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December 7, 2019

FATF wants conviction of banned outfits’ members

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December 7, 2019

ISLAMABAD: Out of total 27 action plan, Pakistan has submitted its progress report on 22 points before the joint group of Financial Action Task Force (FATF) in fresh bid to avoid falling into blacklist.

Under the FATF plenary review meeting held last October 2019, Pakistan was categorised largely compliant on 5 points out of total 27 action plan in last October. Now Islamabad has submitted its progress report on remaining 22 points before the joint group with the desire to come out from grey list or at least avoid falling into blacklist in the upcoming FATF’s plenary review expected to take place in next February 2020.

“The FATF desires to see progress on all points but their special focus is on Designated Non-Financial Businesses or Professions (DNFBP) especially gems and jewelry under regulations and conviction of proscribed organisations’ persons,” said official sources.

Now the joint group FATF will raise questions on submitted compliance report of Pakistan till third week of December then it will ask Pakistan to reply back till January 7, 2020. The face-to-face meeting of FATF is scheduled to meet in Beijing from January 21 to 24, 2020 where the Pakistani side will be given an opportunity to defend each and every point written in its compliance report.

Pakistani authorities are expecting that the FATF may grant another relaxation probably up to June 2020 in its upcoming plenary review meeting as the present February deadline is too short a period for Pakistan to comply with all remaining 22 action plans.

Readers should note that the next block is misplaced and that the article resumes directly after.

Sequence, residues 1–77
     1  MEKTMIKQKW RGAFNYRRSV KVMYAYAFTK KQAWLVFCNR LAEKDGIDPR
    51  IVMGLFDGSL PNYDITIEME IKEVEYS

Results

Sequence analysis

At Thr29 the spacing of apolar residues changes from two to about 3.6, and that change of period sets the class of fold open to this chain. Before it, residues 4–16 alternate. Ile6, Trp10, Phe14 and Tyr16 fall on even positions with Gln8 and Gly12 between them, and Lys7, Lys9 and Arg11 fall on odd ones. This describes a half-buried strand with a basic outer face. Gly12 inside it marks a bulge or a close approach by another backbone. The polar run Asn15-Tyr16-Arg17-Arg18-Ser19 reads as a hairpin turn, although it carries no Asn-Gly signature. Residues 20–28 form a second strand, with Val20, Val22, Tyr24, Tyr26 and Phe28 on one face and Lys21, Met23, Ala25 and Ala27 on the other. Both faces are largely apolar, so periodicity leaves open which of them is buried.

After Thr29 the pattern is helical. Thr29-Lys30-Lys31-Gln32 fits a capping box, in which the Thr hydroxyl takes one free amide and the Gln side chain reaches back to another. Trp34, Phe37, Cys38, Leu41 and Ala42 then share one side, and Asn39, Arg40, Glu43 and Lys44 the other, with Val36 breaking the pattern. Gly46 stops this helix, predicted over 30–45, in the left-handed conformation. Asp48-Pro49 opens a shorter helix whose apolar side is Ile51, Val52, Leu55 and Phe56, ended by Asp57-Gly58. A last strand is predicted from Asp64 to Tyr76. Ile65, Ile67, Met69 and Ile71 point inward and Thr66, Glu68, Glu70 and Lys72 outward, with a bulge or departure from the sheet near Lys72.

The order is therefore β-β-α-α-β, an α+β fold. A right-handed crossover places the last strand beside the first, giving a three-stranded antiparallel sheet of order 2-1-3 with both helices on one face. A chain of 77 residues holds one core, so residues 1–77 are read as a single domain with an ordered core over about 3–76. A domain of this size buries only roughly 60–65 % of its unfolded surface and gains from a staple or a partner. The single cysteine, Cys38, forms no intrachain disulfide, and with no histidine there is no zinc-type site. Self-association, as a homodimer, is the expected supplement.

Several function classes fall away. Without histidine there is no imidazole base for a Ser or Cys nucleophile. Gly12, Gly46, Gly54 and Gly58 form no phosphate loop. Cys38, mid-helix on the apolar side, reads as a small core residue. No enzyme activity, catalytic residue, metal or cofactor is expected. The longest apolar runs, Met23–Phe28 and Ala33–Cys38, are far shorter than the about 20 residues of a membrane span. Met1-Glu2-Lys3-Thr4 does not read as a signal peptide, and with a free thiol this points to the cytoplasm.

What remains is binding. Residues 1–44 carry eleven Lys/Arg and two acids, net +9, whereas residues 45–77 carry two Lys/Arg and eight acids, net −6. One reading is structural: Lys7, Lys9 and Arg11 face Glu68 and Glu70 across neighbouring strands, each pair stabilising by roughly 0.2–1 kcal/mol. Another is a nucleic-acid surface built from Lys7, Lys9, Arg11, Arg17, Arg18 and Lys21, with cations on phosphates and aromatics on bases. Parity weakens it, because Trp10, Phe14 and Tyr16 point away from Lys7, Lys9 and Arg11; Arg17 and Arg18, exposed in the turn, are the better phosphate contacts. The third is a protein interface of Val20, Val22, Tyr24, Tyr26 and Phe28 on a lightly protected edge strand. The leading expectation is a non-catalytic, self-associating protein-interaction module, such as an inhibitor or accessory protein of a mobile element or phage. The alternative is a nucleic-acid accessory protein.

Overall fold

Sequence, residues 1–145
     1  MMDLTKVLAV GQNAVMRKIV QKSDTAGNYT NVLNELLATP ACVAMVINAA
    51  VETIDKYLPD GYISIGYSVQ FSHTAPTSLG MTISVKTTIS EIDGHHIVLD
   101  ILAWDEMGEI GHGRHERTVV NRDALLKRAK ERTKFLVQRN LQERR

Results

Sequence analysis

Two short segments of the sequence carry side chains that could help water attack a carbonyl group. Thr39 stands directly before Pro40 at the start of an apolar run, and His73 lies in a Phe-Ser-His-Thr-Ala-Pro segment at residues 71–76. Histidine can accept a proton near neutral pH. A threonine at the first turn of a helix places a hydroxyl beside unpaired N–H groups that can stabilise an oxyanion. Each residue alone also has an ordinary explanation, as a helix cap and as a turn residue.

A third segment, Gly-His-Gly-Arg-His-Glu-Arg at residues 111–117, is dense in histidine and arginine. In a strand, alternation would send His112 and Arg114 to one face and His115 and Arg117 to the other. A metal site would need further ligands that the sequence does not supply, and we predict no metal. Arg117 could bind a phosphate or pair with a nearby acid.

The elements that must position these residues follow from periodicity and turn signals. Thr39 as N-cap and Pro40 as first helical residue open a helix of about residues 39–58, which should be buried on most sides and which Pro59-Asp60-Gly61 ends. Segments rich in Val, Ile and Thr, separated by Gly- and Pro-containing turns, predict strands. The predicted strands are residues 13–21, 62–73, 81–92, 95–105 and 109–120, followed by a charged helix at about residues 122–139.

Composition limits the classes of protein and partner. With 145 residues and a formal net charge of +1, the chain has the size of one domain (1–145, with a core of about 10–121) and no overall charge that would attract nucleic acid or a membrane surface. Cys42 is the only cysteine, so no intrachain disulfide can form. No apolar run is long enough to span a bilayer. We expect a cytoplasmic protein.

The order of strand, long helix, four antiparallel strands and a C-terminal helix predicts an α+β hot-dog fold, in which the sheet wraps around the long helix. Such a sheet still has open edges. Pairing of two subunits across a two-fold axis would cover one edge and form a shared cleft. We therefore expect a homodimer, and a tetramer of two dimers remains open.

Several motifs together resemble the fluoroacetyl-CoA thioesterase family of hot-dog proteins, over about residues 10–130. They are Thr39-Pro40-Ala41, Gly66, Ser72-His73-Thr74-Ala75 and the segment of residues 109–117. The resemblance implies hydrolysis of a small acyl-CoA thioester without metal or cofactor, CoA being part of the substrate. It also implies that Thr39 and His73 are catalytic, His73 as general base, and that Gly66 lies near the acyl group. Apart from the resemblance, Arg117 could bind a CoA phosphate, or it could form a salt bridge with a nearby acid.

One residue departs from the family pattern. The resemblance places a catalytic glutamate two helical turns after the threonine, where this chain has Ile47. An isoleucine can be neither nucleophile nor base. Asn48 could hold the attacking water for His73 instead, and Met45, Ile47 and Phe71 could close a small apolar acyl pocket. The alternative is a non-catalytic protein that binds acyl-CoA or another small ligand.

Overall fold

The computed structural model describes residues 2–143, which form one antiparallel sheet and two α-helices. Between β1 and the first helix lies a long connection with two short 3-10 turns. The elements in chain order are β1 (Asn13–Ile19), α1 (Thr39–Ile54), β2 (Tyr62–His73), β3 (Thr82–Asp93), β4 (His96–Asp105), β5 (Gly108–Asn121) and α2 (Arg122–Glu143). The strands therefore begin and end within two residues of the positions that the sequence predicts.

However, the sources said the FATF had already granted an extension till February 2020 in a meeting in October this year. The task force kept the country on its grey list for an extended period up to February 2020 and warned that Islamabad would be put on the blacklist if it did not comply with the remaining 22 out of 27 points related to anti-money laundering and counter-terrorist financing.

Pakistan had so far successfully managed to escape falling into the blacklist due to the diplomatic support from China, Turkey, Malaysia, Saudi Arabia and Middle East countries. India had failed to convince the powers of the world that Pakistan is not cooperating with the watchdog related to terror financing. The joint working group of the FATF declared Pakistan as largely compliant on 10 points, but the FATF plenary meeting accepted Islamabad’s compliance only on five points out of 27 action plans.

The FATF said all deadlines in the action plan have now expired. While noting recent improvements, the FATF again expressed serious concern over the overall lack of progress by Pakistan to address its terrorist financing (TF) risks, including remaining deficiencies in demonstrating a sufficient understanding of its transnational TF risks, and more broadly, the country’s failure to complete its action plan in line with the agreed timelines and in light of the TF risks emanating from the jurisdiction.

Pakistan has only largely addressed five of 27 action items, with varying levels of progress made on the rest of the action plan. The FATF strongly urged the country to swiftly complete its full action plan by February 2020.

“Should significant and sustainable progress not be made across the full range of its action plan by the next plenary, the FATF will take action, which could include the FATF calling on its members and urging all jurisdictions to advise their FIs (financial institutions) to give special attention to business relations and transactions with Pakistan,” the FATF said in a previous statement.

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